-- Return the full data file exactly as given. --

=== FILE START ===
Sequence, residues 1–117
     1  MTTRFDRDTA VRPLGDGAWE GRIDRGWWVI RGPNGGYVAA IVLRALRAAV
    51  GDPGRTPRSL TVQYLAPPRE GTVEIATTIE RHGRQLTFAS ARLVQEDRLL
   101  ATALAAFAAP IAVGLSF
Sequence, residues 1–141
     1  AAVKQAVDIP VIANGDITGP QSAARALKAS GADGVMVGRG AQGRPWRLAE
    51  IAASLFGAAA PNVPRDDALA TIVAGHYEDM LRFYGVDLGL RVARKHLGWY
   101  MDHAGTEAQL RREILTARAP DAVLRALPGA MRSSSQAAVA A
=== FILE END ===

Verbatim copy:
Sequence, residues 1–117
     1  MTTRFDRDTA VRPLGDGAWE GRIDRGWWVI RGPNGGYVAA IVLRALRAAV
    51  GDPGRTPRSL TVQYLAPPRE GTVEIATTIE RHGRQLTFAS ARLVQEDRLL
   101  ATALAAFAAP IAVGLSF
Sequence, residues 1–141
     1  AAVKQAVDIP VIANGDITGP QSAARALKAS GADGVMVGRG AQGRPWRLAE
    51  IAASLFGAAA PNVPRDDALA TIVAGHYEDM LRFYGVDLGL RVARKHLGWY
   101  MDHAGTEAQL RREILTARAP DAVLRALPGA MRSSSQAAVA A